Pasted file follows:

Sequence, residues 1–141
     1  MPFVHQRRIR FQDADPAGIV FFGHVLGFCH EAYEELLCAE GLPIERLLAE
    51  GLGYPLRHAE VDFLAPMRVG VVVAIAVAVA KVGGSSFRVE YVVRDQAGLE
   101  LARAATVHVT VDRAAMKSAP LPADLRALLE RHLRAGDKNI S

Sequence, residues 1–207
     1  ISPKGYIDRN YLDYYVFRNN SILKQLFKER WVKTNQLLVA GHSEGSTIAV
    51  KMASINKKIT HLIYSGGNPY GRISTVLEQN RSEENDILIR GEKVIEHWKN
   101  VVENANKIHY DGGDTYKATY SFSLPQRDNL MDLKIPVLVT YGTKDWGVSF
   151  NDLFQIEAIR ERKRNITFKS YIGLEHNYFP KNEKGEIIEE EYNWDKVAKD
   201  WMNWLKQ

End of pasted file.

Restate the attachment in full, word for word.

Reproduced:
Sequence, residues 1–141
     1  MPFVHQRRIR FQDADPAGIV FFGHVLGFCH EAYEELLCAE GLPIERLLAE
    51  GLGYPLRHAE VDFLAPMRVG VVVAIAVAVA KVGGSSFRVE YVVRDQAGLE
   101  LARAATVHVT VDRAAMKSAP LPADLRALLE RHLRAGDKNI S

Sequence, residues 1–207
     1  ISPKGYIDRN YLDYYVFRNN SILKQLFKER WVKTNQLLVA GHSEGSTIAV
    51  KMASINKKIT HLIYSGGNPY GRISTVLEQN RSEENDILIR GEKVIEHWKN
   101  VVENANKIHY DGGDTYKATY SFSLPQRDNL MDLKIPVLVT YGTKDWGVSF
   151  NDLFQIEAIR ERKRNITFKS YIGLEHNYFP KNEKGEIIEE EYNWDKVAKD
   201  WMNWLKQ